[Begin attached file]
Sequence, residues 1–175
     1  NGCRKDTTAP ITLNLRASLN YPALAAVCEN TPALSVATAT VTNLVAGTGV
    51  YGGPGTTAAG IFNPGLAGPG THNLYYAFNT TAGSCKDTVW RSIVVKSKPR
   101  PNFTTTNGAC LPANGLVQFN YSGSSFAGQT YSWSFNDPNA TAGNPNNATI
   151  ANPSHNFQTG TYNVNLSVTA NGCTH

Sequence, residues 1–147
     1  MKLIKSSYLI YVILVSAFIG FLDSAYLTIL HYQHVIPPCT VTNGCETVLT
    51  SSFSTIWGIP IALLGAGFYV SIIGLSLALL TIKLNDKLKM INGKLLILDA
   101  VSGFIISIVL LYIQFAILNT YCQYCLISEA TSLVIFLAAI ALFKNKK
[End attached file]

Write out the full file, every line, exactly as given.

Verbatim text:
Sequence, residues 1–175
     1  NGCRKDTTAP ITLNLRASLN YPALAAVCEN TPALSVATAT VTNLVAGTGV
    51  YGGPGTTAAG IFNPGLAGPG THNLYYAFNT TAGSCKDTVW RSIVVKSKPR
   101  PNFTTTNGAC LPANGLVQFN YSGSSFAGQT YSWSFNDPNA TAGNPNNATI
   151  ANPSHNFQTG TYNVNLSVTA NGCTH

Sequence, residues 1–147
     1  MKLIKSSYLI YVILVSAFIG FLDSAYLTIL HYQHVIPPCT VTNGCETVLT
    51  SSFSTIWGIP IALLGAGFYV SIIGLSLALL TIKLNDKLKM INGKLLILDA
   101  VSGFIISIVL LYIQFAILNT YCQYCLISEA TSLVIFLAAI ALFKNKK